Life has a way of making things reeeeeeally awkward at times. We’ve all had those moments.
Running into an ex with their new significant other.
Walking into the wrong room and interrupting a meeting with all eyes on you.
Accidentally saying “sir” when it should have been “ma’am” or vice versa.
Stumbling over words during an important presentation.
Screaming in the middle of church services… oh wait, just me?
You see, I have Tourette Syndrome, and I do things like that. All. The. Time.
The other awkward moments seem to pale in comparison to being… different. *shudders* Does it get more awkward than that?
I have moments where I literally cannot control the sounds coming out of my mouth or my body’s actions. So I know a thing or two about awkward.
Wanna know a secret? It’s my favorite thing.
I love catching people off guard and being in awkward situations.
The reason things are so awkward is because we don’t know what to do with them. Society, or culture, is made up of rules we need to follow. When we encounter something not in this “rule book” things get awkward. Fast.
There are no guidelines of what to do. We don’t know how to react, so we hesitate. This creates that feeling of awkwardness. It’s a feeling of “what now?”
In society we have been conditioned to act a certain way, say certain things and follow the rules and stick to the status quo.
I obviously don’t stick to the status quo, no matter how hard I tried. I tried for several years. I wanted to just be normal. The closer I got to achieving this, the more unhappy I got.
I figured it was because I still wasn’t “normal” enough. I would double down my efforts, erasing key components of who I was.
Believe it or not, this was actually before I developed Tourette’s.
I didn’t start showing signs of Tourette’s until I was a senior in high school. They started small, sounding like hiccups, but not hurting as much. It wasn’t something I had to hide, it was just like a cough or a sneeze.
At least until they started to evolve…
I started screaming, my shoulder started kicking, and my life started to change.
There goes my shot at normal.
At the same time this was going on, I was in college studying culture. Realizing that it is a social construct and how much it varies from place to place was incredibly enlightening and validating for me.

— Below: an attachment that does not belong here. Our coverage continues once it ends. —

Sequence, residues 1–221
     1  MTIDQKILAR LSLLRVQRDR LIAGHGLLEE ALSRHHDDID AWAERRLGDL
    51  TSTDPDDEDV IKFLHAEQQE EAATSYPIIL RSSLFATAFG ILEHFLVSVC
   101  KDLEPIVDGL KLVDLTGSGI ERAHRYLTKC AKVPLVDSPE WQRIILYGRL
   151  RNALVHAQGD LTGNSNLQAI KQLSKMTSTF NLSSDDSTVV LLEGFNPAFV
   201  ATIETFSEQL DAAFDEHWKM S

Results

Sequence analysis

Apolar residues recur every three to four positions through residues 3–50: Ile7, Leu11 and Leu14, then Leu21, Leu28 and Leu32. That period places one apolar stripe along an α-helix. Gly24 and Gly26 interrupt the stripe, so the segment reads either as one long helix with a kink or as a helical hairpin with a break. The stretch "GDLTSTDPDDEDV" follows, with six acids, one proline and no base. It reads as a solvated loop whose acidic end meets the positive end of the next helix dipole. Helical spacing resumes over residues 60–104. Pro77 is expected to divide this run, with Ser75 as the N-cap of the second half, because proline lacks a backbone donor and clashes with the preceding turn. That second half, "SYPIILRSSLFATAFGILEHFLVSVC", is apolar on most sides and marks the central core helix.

There was nothing wrong with me. I just was different and people don’t know what to do with different.
Realizing that awkward is just a gap in the rules society has created gave me an advantage.
I may not control what comes out of my mouth, but I control what happens next.
No one ever knows how to respond when I scream out of nowhere. But I do. So I get to guide what happens next. I get to be the one to laugh and make light of the situation. I get to be the one to smile mysteriously at their confusion. I get to be the one who explains what is going on.
There is no right answer for how to handle these situations. So when I am the first person an individual has met. I get to tell them what the “right” answer is.
This concept can apply to any awkward situation. Things only get awkward when one or both parties are not sure how to respond to a situation.
So when something happens, just go with it! Don’t hesitate to say what is on your mind, how you feel or act in a certain way. You are leading the situation, and others will respond and follow your lead.
The best part it is you don’t even have to know what you are doing. But you are the one leading and taking control when no one else wants to.
It’s certainly helpful if you know what is going on and how to respond, but not entirely necessary. It gets easier with practice.
1. Ask Questions
If you come across something new, don’t hesitate to ask questions and to learn.
I love when people ask me questions about Tourette Syndrome. It makes me feel smart. I love when people ask about me and get to know me. Who doesn’t like talking about themselves? You are an expert on the topic of you, after all.
2. Treat People Like People
Just because someone is different, doesn’t mean they aren’t human. They have their own personality and people can react differently to the same situation.
Put yourself in their shoes for a minute and think how you would want others to respond if you were them. Try to understand what life would be like and how you would want someone to respond if you were deaf, blind, in a wheelchair or who knows what else.
Life can throw all sorts of curveballs. Just be nice and recognize the person.
3. Be Willing to Be Wrong
No matter how much research you do or how many questions you ask, you still won’t know everything. Don’t get defensive if a mistake is made.
4. Have a Sense of Humor
If you do get caught in an awkward situation, you might as well make it fun.
Life is meant to be enjoyed. People like to laugh. Don’t stress about the awkward situation. Make a joke if you can. Just relax and go with it.
Awkward situations aren’t that scary. They aren’t something to stress over for days.
They are simply uncharted territory where you get to make the rules.
Take control and lead these opportunities. Use that awkwardness to help and educate yourself and/or others.
Sometimes you just have throw the “rule book” out the window and run with it.
Being different is an advantage and should be used as such. You have a unique perspective on life that others don’t see… yet.
You can’t make a difference until you are different. Some of us just have more practice being different.
Different is hard, and you already know this. So wouldn’t you rather have the kind of hard that helps others and leaves the world a better place, rather than the suffering kind of hard?
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